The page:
May 1, 2000
KALAMAZOO -- A recent national report on model campus-based programs aimed at HIV prevention education prominently features Western Michigan University.
The "Report of a Study of Successful Programs of HIV Prevention Education in Colleges and Universities" is the culmination of a project begun in 1997 by the National Association of Student Personnel Administrators with grant support from the Centers for Disease Control. The project was designed to identify premier campus-based educational programs related to HIV, the virus associated with AIDS, and determine the key characteristics that make them so successful.
NASPA selected WMU for the study out of 100 nominations from across the country. Only seven other schools were selected: Broward Community College, Creighton University, the North Carolina School for the Arts, Stanford University, Syracuse University, the University of Massachusetts at Amherst and Western Washington University.
Case studies for each school are included in the NASPA report. Officials from the organization hope that higher education administrators will use information in the report's case studies and conclusion section to enhance their prevention education programs for HIV and other sexually transmitted infections.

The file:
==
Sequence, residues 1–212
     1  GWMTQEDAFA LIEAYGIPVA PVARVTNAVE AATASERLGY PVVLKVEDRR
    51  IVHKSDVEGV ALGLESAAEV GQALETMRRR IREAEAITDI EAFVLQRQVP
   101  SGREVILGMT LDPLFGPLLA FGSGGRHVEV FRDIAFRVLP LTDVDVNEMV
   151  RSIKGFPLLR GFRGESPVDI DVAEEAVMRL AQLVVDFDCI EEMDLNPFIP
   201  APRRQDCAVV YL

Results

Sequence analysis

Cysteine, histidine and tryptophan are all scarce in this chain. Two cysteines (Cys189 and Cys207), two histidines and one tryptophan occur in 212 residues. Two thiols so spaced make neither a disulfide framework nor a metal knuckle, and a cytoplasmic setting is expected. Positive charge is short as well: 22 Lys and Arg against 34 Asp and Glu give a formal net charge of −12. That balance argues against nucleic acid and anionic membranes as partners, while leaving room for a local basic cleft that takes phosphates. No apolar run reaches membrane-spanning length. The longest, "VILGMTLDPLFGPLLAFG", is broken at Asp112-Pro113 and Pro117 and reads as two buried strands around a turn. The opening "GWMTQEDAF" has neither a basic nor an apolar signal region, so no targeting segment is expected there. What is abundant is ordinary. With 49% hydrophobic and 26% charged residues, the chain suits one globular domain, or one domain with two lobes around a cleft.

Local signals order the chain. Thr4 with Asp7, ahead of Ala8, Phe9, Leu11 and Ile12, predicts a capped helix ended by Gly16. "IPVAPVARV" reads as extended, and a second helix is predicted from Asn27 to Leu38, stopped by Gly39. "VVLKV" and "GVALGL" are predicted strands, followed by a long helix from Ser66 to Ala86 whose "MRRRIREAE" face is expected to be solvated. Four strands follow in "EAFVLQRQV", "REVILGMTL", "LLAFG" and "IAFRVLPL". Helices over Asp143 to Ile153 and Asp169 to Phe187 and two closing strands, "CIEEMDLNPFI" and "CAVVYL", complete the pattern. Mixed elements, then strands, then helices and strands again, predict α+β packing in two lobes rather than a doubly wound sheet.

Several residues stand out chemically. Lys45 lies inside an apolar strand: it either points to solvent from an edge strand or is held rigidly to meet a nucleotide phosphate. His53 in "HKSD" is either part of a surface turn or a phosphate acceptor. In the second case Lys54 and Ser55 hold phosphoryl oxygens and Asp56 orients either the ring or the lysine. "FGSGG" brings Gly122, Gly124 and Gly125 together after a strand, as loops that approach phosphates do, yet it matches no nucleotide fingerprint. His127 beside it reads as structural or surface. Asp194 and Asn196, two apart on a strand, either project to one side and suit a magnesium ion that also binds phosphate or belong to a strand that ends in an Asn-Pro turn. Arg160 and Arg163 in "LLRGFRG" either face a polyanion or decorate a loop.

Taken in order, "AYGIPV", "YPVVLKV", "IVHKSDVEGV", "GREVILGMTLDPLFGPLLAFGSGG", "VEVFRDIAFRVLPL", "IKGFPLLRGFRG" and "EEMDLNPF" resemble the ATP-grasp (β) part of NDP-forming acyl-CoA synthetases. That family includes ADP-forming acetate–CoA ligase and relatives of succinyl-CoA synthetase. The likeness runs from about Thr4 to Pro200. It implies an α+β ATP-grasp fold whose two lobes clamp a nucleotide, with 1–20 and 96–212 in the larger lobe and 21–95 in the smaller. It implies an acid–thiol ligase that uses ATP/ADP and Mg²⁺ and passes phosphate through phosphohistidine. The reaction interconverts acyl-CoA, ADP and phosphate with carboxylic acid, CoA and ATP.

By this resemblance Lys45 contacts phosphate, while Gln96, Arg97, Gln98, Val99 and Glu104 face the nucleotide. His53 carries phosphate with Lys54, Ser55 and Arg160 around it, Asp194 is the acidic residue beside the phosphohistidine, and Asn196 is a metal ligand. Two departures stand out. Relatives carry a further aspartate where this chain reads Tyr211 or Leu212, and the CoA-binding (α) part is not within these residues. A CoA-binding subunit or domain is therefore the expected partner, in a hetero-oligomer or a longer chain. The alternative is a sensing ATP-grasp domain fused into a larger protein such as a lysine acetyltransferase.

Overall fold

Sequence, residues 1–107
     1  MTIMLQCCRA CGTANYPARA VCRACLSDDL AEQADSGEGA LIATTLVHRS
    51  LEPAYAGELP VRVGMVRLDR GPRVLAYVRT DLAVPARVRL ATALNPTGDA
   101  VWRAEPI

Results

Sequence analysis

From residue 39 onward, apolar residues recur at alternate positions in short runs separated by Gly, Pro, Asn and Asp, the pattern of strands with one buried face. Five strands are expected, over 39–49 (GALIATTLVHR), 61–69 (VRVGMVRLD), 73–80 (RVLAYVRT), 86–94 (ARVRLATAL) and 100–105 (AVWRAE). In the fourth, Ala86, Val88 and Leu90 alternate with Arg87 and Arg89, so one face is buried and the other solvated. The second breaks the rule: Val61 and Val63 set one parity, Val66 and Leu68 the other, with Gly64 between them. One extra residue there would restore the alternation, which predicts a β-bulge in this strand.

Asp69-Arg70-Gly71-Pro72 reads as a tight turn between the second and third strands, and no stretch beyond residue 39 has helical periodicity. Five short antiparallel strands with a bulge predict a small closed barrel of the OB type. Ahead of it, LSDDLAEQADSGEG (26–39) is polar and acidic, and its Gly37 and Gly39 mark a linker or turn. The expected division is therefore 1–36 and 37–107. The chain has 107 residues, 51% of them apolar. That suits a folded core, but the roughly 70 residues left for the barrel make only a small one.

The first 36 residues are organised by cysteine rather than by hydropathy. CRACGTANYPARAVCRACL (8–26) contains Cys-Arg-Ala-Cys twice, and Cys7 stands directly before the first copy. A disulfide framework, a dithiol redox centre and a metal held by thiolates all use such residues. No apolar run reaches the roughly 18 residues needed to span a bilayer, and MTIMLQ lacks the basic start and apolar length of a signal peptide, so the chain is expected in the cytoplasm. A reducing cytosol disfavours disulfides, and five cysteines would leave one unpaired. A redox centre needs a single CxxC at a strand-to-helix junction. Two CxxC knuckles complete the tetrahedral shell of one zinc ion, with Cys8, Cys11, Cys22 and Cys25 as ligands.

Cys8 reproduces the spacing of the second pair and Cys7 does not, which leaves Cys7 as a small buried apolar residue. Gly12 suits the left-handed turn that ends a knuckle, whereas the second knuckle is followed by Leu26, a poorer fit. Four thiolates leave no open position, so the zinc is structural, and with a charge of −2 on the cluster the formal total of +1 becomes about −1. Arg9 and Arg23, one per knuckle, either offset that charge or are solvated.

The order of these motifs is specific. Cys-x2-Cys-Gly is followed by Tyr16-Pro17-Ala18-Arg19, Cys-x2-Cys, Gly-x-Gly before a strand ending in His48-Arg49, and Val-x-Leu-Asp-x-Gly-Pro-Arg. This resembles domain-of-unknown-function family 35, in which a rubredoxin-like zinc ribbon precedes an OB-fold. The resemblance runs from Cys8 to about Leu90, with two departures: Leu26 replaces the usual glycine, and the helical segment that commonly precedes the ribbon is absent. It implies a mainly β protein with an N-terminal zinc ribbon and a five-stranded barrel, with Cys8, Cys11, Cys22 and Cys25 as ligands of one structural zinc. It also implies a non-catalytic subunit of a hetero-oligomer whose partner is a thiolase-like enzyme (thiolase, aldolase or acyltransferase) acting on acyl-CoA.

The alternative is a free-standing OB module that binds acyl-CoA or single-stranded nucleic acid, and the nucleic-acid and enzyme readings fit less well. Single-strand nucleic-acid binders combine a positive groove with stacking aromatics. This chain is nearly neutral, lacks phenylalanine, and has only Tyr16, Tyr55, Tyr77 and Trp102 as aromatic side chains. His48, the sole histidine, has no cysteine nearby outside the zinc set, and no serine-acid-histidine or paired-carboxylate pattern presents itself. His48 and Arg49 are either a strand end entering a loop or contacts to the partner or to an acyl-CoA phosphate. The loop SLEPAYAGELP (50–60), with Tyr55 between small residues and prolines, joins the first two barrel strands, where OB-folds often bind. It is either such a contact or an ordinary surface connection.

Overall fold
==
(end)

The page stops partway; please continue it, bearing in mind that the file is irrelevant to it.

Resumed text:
"Regarding Western Michigan University, the report specifically focused on the innovation and comprehensive nature of our program directed by Chris Zimmer," says Scott Musial, acting director of the Sindecuse Health Center. Zimmer directs the health center's Office of Health Promotion and Education, which develops and oversees a variety of University health and wellness programs, including its multi-disciplinary, collaborative program for HIV prevention education.
"The report reviewed five components of our program and commented on Chris' powerful and extremely dynamic leadership and her motivation, organization and ability to succeed with limited resources," Musial adds. "Having strong, effective leaders who work across campus boundaries is one of the four key characteristics that NASPA concluded are necessary for HIV education programs to be successful.
The other three necessary characteristics concern the structure of the programs, the providing institutions' setting and structure, and the direction and support the programs receive from their institutions and individuals within their institutions."
To obtain a copy of the HIV prevention education report or to learn more about WMU's program, contact the Office of Health Promotion and Education at (616) 387-3263.
Media contact: Jeanne Baron, 616 387-8400, firstname.lastname@example.org
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